Napoleonic Wars were the most boring type of warfare by far
>uniforms looked like shit
>hurr gonna shoot my musket once a minute and hit the guy next to the guy I was aiming at because it's a piece of shit xD
>standing in lines
it was just so samey and bland
It had to do with discipline when the accuracy was pretty much the same
The rank and file made up the "fluff" so that when fired in volley under discipline is always better than firing without discipline and at your own pace because of the timing and concentration
When you are disciplined you can defeat a much larger force in the same way, everything relied on drills training and deployment
Natural evolution of weaponry
You're confusing with 18th century warfare (Seven Years War, US Revolution...)
Napoleonic Warfare had very few standing in line and shooting, actions between infantries were mainly bayonet melee
Modern warfare is much worse
>ugly greyish uniforms that look like shit for Americans, rags for jihadists
>hurr gonna hide behind a rock for ten minutes while muzzies shoot at me and wait for a drone manned by a basement dweller back home to arrive and kill the enemy for me xD
Napoleonic Wars naval combat was the best naval combat though. I think the land warfare was interesting too, but French Revolutionary and Napoleonic War era naval combat was fucking awesome.
>Pinnacle of sailing wooden ships of the line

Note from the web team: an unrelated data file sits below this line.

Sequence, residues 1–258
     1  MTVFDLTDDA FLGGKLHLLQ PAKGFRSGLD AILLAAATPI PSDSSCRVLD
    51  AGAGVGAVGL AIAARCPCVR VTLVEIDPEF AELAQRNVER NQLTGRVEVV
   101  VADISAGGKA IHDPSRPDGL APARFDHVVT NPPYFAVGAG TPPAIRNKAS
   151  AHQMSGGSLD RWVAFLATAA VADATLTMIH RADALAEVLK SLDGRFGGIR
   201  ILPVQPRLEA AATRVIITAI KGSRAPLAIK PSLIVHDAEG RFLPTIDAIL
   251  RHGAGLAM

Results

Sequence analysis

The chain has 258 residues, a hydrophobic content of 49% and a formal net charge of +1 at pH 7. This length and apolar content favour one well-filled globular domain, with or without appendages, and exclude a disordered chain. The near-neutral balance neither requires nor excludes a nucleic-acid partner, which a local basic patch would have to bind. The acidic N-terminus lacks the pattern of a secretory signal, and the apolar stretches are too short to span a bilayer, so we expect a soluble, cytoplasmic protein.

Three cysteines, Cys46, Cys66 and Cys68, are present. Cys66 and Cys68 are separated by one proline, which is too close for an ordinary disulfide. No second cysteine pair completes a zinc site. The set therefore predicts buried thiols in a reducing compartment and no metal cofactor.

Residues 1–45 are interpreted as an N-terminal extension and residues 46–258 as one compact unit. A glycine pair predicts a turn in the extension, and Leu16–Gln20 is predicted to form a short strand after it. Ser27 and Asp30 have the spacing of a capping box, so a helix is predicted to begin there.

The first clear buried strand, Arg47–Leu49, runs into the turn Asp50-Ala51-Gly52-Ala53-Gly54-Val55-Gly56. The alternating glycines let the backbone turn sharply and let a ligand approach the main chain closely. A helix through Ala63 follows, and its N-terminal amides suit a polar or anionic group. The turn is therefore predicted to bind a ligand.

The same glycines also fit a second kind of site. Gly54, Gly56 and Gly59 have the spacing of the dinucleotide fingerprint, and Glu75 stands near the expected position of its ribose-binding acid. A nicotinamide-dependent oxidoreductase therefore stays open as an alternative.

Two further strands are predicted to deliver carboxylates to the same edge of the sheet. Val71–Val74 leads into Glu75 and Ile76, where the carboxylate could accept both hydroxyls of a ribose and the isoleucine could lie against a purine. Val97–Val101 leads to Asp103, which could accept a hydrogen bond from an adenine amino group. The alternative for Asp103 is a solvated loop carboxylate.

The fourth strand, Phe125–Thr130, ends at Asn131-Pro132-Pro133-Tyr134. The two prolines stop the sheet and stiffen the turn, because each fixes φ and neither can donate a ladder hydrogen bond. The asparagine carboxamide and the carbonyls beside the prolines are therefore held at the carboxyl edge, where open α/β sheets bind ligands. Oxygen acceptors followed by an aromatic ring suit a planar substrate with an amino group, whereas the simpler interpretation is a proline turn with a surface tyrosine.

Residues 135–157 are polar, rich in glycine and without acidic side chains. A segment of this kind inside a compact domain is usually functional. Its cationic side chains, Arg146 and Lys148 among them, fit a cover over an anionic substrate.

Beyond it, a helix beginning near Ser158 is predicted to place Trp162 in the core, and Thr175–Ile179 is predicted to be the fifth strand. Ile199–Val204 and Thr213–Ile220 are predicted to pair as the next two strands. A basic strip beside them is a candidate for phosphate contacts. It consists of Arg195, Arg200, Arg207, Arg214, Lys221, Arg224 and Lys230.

>great focus on strategy and battle tactics
>broadside gunnery with decks of cannons
>marine sharpshooters firing from masts and deck with rifles
>boarding action melee combat with sabres, axes, and pikes and pistols
>use of fireships as distractions and to break lines
>golden age of the royal navy and prestige of naval officers and the admiralty
I thought naval strategy for large scale actions at the time was pretty simplistic, and really came down more to the nuances of individual captains and crews once battle was joined.
The obvious exception is the British strategy of sailing at the enemy in column, but apparently that was only possible because of how superior British naval gunnery and discipline was at the time. Also OP is obviously shit b8.
It was fairly simplistic to start or at least there wasn't a whole lot of thinking outside of the box by most. I was mostly talking about the great tactics employed by exceptional captains. Nelson, for instance, did some straight up amazing things. The RN was at the height of its badassery and the naval warfare they conducted was really cool. It's really a shame that there isn't more television or film depicting that kind of thing. Outside of the wonderful Hornblower series and the one Master and Commander movie we got... both of which were awesome.
>have enough guns to arms the populace twice
>still lose to 19 brownies
>all this weak-ass bait
To be serious, though, this was a hell of a time to be an infantryman. You get to dress better than anyone else in your income bracket, move farther and fight harder than most any other soldiers in history, stare down cavalry charges, artillery fire, and maniacs rushing to slice your guts out with swords on the end of their muskets which they're also shooting at you.